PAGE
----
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Wednesday, 19 October 2005

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Fernando Jiménez

Sin duda, estimada Della Bradshaw, el dinero motiva, pero imaginas trabajar con un jefe que paga muy muy bien, pero insulta, rebaja y denigra a la gente que trabaja con él/ella. ¿Crees que estarán motivados sus trabajadores, a pesar de sus abultadas nóminas? Sinceramente yo creo que no. Hay estudios que indican que la subida del salario sólo motiva los 6 primeros meses, los trabajadores cada vez sitúan en ún segundo nivel la retribución, prefieren mejorar su calidad de vida, que incrementar sus ingresos. Los trabajadores no sólo necesitan retribución, necesitan retos, proyectos, que se tengan en cuenta sus ideas, y por supuesto sus necesidades, en definitiva necesitan, y siento disentir contigo, un liderazgo adecuado.

Akin Sawyerr

The key to leadership is understanding first what it means to be under authority. A person who understands how to serve under accurate leadership can in turn become a leader if he applies those principles. We also need to be honest with ourselves. Knowing what our strengths and limitations are will go a long way to promoting good leadership traits.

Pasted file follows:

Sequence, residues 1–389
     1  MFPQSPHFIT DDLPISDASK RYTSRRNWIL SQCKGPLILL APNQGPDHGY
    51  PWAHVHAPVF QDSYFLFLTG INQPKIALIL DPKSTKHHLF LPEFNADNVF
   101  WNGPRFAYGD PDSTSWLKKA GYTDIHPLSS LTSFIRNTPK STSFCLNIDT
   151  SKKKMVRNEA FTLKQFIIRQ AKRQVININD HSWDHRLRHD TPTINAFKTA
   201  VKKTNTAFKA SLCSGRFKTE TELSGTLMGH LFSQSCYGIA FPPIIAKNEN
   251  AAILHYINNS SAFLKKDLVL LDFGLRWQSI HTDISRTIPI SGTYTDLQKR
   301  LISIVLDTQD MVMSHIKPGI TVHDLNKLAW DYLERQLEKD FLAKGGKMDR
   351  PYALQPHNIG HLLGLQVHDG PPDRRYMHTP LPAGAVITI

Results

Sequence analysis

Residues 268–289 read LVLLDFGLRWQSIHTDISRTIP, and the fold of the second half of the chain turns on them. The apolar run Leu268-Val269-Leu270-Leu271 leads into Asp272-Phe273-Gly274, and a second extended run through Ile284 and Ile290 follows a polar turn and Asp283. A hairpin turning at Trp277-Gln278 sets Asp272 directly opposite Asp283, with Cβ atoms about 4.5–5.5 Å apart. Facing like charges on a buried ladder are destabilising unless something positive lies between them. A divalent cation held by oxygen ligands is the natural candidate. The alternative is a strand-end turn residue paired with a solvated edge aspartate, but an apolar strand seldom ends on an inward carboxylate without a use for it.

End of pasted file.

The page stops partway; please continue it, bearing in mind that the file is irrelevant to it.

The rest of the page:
Vincent H. Dominé

I actually agree with the description of your LBS professor.

1)Before one can really understand the people who work for them, it is wise that they grasp how they themselves “tick". Know thyself - these two words were inscribed on the oracle-shrine of Apollo at Delphi, Greece (6th century B.C.). So while there may be a lot of noise pollution about leadership these days and not surprisingly many business schools have caught on the hype, the value of education in developing leaders isn’t new. It was Aristotle who wrote “All who have meditated on the art of governing mankind have been convinced that the fate of empires depends on the education of youth”. Scary – it shouldn’t be? I understand some apprehension, but my experience with executives going through a reflective leadership development program has been for them both revealing and an eye opener. Few would want to miss the increase self knowledge they have gained.

2)Increased self awareness helps existing or future leaders understand how their leadership style affects “followers” and, as importantly, vice versa.

3)In turn, the added knowledge helps to understand how to best motivate people. I’d be surprised if you didn’t know of other ways to individually motivate your staff besides the indisputable monetary factor.

Leadership a myth? No. Not when a CEO decides to do an acquisition based on personally motivated and - this time scary - unconscious drivers rather than sound business rational.

Vincent H. Dominé - Clinical Organizational Psychologist INSEAD

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